New Customers Save $20 off $100+* with code SEPTNEW
New Customers Save $20* with code SEPTNEW
*For new customers only. Order must be placed by 9/30/2017. The $20 discount is given for a single order of $100 or more excluding shipping and tax. Some exclusions may apply. Promotion code does not apply to certain Champagne brands, Riedel glassware, gift certificates, fine and rare wine and all bottles 3.0 liters or larger. Promotion does not apply to corporate orders. No other promotion codes, coupon codes or corporate discounts may be applied to order. Not valid on Bordeaux Futures.
A first-class Cabernet, this shows a heady concentration of blackberries and cassis, yet there also are fascinating notes of olives and savory dried herbs that are Bordeaux-esque. The tannins are strong and pure, suggesting ageability.
The Oso Vineyard Cabernet Sauvignon is harvested from our family's Oso Vineyard. Planted on slopes rising up from Schwartz Creek, it is nestled between Sugarloaf and Howell Mountains in Napa Valley, where the historic Oat Hill Mine Road begins its ascent over the mountain toward Calistoga. There, the vines grow on beautiful, stone-lined terraces, out of a rocky, porous soil. The high drainage stresses the vines, leading to high flavor concentration. The fruit remains fresh and vibrant throughout the growing season due to mild temperatures –warmer evenings and cooler days than on the valley floor –and afternoon breezes that blow straight down the vineyard rows. From the soil and elevation this mountain fruit extracts intense varietal characteristics, a firm structure, and excellent aging potential.
The Rutherford Cabernet Sauvignon is harvested from a single Rutherford vineyard east of the Napa River extending to Conn Creek, in the alluvial fan of the VacaRange, a place where our family has 25 years of winegrowing experience. The valley floor’s warm climate and deep, well-drained soils produce vigorous vines that receive more sun exposure than in other parts of the Napa Valley. To moderate and distribute the sun’s heat, the vines are planted in east-west facing rows, and a single-sided ballerina trellising system shades the fruit from intense morning sun. Rutherford historically produces classic Napa Valley Cabernet Sauvignon fruit of excellent quality.
Home to a diverse array of smaller AVAs with varied microclimates and soil types, Sonoma County has something for nearly every wine lover. Physically twice as large as Napa, the region only produces about half the amount of wine, but what it lacks in quantity it makes up for in both quality and variety. With its laid-back atmosphere and down-to-earth attitude, the wineries of Sonoma are appreciated by wine tourists for their friendliness and approachability. The entire county intends to become a 100% sustainable winegrowing region by 2019.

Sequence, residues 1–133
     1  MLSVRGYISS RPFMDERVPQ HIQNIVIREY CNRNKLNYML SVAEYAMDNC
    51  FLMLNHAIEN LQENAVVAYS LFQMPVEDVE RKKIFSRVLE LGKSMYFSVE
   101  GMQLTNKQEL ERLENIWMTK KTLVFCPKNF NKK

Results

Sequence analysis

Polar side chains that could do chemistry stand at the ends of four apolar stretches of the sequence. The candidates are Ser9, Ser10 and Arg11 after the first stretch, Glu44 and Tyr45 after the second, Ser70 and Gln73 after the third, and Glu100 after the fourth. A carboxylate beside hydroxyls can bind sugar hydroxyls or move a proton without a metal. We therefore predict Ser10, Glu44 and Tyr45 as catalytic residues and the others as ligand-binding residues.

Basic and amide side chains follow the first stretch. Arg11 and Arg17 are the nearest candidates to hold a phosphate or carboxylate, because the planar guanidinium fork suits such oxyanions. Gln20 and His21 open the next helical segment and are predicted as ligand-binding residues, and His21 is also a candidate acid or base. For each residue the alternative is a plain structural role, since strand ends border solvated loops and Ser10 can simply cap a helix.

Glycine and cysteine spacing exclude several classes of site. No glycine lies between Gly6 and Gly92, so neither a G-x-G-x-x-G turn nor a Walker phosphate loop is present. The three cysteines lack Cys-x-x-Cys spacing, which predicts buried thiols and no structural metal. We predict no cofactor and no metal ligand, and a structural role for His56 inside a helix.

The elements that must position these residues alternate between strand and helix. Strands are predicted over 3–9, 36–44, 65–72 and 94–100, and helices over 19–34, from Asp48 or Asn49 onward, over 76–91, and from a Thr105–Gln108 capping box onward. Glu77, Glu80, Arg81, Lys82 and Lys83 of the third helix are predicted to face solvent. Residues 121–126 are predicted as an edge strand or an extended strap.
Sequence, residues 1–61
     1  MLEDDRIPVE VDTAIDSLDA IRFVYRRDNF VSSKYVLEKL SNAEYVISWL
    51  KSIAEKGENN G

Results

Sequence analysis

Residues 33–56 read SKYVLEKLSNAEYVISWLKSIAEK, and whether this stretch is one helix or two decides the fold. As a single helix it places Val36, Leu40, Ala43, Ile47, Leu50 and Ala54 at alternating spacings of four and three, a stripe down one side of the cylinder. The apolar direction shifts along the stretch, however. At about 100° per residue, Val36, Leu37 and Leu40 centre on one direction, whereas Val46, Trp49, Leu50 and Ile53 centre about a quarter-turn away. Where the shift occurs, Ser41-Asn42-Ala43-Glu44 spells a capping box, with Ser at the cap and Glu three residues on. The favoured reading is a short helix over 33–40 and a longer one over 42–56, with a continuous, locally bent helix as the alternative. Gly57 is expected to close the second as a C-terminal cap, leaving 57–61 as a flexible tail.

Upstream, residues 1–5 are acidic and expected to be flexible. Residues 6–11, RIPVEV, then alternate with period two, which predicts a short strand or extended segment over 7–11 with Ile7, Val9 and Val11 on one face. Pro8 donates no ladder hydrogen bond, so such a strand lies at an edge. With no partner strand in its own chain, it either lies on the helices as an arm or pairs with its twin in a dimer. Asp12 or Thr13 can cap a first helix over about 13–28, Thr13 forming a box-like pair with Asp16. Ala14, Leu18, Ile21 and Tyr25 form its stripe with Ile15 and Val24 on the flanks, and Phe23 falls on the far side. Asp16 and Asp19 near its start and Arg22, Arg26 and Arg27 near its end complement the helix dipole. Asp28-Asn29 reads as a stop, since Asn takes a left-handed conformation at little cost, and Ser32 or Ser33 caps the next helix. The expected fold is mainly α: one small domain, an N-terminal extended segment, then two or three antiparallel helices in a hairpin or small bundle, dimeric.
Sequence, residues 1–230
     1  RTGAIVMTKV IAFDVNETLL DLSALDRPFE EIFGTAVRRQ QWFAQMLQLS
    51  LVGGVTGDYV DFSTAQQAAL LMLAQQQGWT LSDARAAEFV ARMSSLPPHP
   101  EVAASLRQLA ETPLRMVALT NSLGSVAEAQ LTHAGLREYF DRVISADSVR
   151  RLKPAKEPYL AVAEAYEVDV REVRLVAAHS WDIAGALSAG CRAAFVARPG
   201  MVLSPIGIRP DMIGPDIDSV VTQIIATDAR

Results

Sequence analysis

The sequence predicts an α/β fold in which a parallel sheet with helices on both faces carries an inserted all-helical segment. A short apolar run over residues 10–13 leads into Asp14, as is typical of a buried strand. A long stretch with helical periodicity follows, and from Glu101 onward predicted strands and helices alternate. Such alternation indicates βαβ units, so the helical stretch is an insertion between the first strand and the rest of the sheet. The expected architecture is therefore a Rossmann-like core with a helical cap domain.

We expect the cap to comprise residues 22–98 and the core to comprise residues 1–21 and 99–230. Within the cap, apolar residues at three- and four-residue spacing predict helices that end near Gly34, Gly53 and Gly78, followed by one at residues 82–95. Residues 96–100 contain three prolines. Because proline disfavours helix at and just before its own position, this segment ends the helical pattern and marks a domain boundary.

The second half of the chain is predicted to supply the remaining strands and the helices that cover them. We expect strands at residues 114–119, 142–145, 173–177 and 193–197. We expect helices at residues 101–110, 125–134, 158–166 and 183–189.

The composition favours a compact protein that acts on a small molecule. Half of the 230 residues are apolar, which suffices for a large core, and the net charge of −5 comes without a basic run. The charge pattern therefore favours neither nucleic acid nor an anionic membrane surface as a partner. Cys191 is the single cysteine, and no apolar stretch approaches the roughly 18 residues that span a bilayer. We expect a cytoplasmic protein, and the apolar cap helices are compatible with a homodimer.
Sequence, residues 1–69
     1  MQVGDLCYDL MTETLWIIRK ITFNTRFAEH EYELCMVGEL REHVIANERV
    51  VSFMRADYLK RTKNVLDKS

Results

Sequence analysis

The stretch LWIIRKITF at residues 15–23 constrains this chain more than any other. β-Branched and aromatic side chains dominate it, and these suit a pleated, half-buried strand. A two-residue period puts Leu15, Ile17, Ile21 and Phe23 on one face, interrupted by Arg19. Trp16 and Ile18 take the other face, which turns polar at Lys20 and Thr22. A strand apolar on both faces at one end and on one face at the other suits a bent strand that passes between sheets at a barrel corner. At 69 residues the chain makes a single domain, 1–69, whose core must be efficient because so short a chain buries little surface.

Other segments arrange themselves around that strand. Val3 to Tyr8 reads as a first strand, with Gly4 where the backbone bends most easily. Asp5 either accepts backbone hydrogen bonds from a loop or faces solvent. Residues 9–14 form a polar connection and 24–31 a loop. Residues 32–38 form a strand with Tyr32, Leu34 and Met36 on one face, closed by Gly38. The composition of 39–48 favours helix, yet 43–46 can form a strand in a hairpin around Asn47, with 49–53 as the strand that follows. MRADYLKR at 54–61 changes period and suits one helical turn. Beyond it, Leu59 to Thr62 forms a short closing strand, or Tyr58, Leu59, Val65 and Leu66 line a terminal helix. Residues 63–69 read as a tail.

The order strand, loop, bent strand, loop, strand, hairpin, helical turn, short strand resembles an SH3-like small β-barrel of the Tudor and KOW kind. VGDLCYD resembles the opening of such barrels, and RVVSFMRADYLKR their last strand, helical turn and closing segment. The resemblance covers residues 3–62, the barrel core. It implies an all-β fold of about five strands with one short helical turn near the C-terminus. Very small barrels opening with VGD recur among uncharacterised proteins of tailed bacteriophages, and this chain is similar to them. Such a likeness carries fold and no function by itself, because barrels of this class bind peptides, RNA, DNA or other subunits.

Grape varieties are carefully selected to reflect the best attributes of their sites—Dry Creek Valley’s consistent sunshine is ideal for Zinfandel, while the warm Alexander Valley is responsible for rich, voluptuous Cabernet Sauvignon. Chardonnay and Pinot Noir are important throughout the county, most notably in the cooler AVAs of Russian River and Sonoma Valleys, Carneros, and Fort Ross-Seaview. Sauvignon Blanc, Merlot, and Syrah have also found a firm footing here.
One of the most popular and versatile white wine grapes, Chardonnay offers a wide range of flavors and styles depending on where it’s grown and how it’s made. In Burgundy, Chardonnay produces some of the finest white wines in the world, typically tending towards minimal intervention in the winery and at its best resulting in remarkable longevity. This grape is popular throughout the world, but perhaps its second most important home is in California, where both oaky, buttery styles and leaner, European-inspired wines enjoy great popularity. Oregon, Australia, South America, South Africa, and New Zealand are also significant producers of Chardonnay.
In the Glass
When planted on cool sites, Chardonnay’s flavors tend towards grapefruit, green apple, minerals, and white stone fruit, while warmer locations coax out richer, more tropical flavors of fig, melon, and pineapple. Oak can add notes of vanilla, coconut, and spice (as well as texture), while malolactic fermentation can impart soft, buttery acidity.
Chardonnay is as versatile at the table as it is in the vineyard. The crisp, clean, Chablis-like styles go well with simple seafood, light chicken dishes, and salads. Richer Chardonnays marry well with cream or oil-based sauces.
Since the 1990s, big, oaky, buttery Chardonnays from California have enjoyed explosive popularity. More recently, the pendulum has begun to swing in the opposite direction, towards a clean, crisp style that rarely utilizes new oak. These Old-World style wines have been dubbed the “New California Chardonnays,” and anyone who claims they do not like Chardonnay should give them a try.